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Death wishes

Severely ill patients are more than collections of usable organs

Alfie Evans is remembered by supporters Christopher Furlong/Getty Images

Death wishes
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Alfie Evans died on April 28 at 23 months old, and the British boy’s case has reopened old questions: Who has the right to veto further care? What happens where conflicts of interest arise, as when Terri Schiavo’s husband fought to withhold water and nutrition while living with another woman and standing to inherit over $700,000 from his wife’s medical trust fund? And most fundamentally: What is life, or quality of life?

“Life” is easy to define intuitively, but more challenging to define for patients whose ailments primarily affect the brain. If life depends on self-awareness, are people with Alzheimer’s, or who are mentally ill and suffer from delusions, dead? If it depends on the ability to perform given “activities of daily living”—or any activities of daily living at all—are those with disabilities dead?

In 1968, bioethicist Henry Beecher’s committee published its proposed answers to those questions in the Journal of the American Medical Association, focusing on “irreversible destruction of the brain” as equivalent to death. The committee gave two reasons for its answer: first, to relieve the financial and social burden of care it viewed as futile, and second, to address controversies about obtaining organs for transplant. A New Yorker article states that an earlier draft spoke more bluntly: “There is great need for the tissues and organs of the hopelessly comatose in order to restore to health those who are still salvageable.”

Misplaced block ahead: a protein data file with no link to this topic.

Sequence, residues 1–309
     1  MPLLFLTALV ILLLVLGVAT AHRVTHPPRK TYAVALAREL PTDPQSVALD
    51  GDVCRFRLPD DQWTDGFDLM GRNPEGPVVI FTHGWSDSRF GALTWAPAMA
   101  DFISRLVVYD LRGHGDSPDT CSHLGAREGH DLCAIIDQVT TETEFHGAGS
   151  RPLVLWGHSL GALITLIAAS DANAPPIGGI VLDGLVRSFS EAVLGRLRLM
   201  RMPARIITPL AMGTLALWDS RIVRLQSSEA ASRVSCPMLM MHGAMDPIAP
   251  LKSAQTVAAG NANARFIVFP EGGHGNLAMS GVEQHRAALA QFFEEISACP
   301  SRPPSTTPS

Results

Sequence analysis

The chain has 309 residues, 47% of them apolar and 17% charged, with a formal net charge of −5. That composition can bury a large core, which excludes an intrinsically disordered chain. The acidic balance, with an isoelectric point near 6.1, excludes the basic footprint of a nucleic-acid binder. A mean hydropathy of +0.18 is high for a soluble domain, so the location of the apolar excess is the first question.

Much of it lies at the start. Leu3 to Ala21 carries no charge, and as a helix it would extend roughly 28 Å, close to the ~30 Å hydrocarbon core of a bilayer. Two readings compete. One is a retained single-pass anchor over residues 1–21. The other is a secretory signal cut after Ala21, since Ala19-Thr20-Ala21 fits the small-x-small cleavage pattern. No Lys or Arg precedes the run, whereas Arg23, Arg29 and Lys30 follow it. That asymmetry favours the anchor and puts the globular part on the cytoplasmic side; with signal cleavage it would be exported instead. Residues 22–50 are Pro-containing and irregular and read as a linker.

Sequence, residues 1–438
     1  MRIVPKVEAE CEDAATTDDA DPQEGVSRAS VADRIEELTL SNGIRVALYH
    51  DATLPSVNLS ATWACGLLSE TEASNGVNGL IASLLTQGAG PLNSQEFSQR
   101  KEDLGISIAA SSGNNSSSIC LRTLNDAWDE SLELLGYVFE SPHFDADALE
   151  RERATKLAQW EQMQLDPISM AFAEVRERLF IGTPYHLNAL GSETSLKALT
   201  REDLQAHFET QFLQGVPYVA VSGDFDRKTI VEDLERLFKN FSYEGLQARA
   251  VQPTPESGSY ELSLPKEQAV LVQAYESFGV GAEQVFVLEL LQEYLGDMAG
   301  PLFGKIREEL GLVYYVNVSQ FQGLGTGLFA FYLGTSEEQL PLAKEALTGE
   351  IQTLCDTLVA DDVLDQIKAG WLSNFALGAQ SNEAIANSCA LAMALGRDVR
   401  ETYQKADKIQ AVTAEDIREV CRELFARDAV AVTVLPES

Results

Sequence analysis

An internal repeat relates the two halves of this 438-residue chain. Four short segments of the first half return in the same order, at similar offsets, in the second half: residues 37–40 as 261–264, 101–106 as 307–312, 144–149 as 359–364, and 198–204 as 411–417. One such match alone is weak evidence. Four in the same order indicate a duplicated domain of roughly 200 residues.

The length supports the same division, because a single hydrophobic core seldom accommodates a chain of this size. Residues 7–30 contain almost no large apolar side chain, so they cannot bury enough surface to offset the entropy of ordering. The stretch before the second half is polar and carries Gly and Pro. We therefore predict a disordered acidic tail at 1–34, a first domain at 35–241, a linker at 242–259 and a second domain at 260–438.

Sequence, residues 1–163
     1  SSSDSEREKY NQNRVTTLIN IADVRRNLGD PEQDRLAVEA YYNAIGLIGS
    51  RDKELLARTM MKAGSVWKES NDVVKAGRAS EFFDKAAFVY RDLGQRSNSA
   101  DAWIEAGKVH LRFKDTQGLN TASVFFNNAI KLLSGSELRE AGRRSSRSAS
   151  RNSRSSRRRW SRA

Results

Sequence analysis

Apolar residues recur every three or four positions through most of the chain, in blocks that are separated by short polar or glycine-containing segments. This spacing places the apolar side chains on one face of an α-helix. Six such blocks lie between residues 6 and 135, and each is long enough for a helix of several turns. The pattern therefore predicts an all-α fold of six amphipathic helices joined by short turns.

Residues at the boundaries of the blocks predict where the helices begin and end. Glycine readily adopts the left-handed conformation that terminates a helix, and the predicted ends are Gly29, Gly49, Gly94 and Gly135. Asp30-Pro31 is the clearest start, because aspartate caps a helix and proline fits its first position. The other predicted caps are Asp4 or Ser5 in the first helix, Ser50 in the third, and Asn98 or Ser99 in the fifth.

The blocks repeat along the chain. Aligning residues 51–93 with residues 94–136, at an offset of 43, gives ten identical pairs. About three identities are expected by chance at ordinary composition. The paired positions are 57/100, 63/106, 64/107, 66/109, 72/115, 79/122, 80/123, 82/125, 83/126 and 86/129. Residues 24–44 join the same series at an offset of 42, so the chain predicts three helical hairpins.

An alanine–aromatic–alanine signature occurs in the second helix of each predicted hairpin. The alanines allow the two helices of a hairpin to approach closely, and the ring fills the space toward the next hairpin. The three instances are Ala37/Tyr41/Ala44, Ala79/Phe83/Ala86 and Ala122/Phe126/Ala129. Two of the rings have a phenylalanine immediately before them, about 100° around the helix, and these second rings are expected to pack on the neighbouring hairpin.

Such attitudes have long made the organ-procurement world both hero and villain to some, and the same article quoted Peter Singer—the Princeton bioethics professor who has attempted to justify infanticide—as stating that brain death is “a concept so desirable in its consequences that it is unthinkable to give up, and so shaky on its foundations that it can scarcely be supported. … [It is] an ethical choice masquerading as a medical fact.” A recent movement has questioned the idea of brain death, and a New Jersey law allows families with religious objections to insist that doctors not declare a patient dead until the patient’s heart stops. The family of Jahi McMath, a teenager originally declared brain-dead in California, used such an exception to continue her care in New Jersey—for over four years.

Dr. Christine Toevs, a trauma surgeon and ICU specialist, points to current ideas in transplantation as the fruits of Singer’s utilitarian idea. One trend seeks to optimize organ health through medications and procedures before a donor’s death, even if the intended benefit is for the organs and not for the patient to whom they still belong. Toevs asks where that slippery slope ends, but it’s a rhetorical question: A 2016 proposal by the United Network for Organ Sharing explores what it delicately terms “imminent death donation.”

Imminent death donation does not automatically mean surgical euthanasia, but that’s one idea envisioned even by its advocates: If our culture will now countenance euthanasia, why not voluntarily recycle oneself? Opponents fear that what’s currently imagined as a final act of self-sacrifice will become an expected norm, with patients who refuse being seen as selfish—or with administrators simply overriding their wishes.

We’ve seen administrators calling life-and-death shots in England. As Toevs points out, seeing people as commodities—as walking collections of usable organs—would ensure that it also happens here. As we consider how to allocate limited resources, let’s keep that old dictum in mind: First, do no harm.

Charles Horton, M.D. Charles is WORLD's medical correspondent. He is a World Journalism Institute graduate and a physician. Charles resides near Pittsburgh with his wife and four children.


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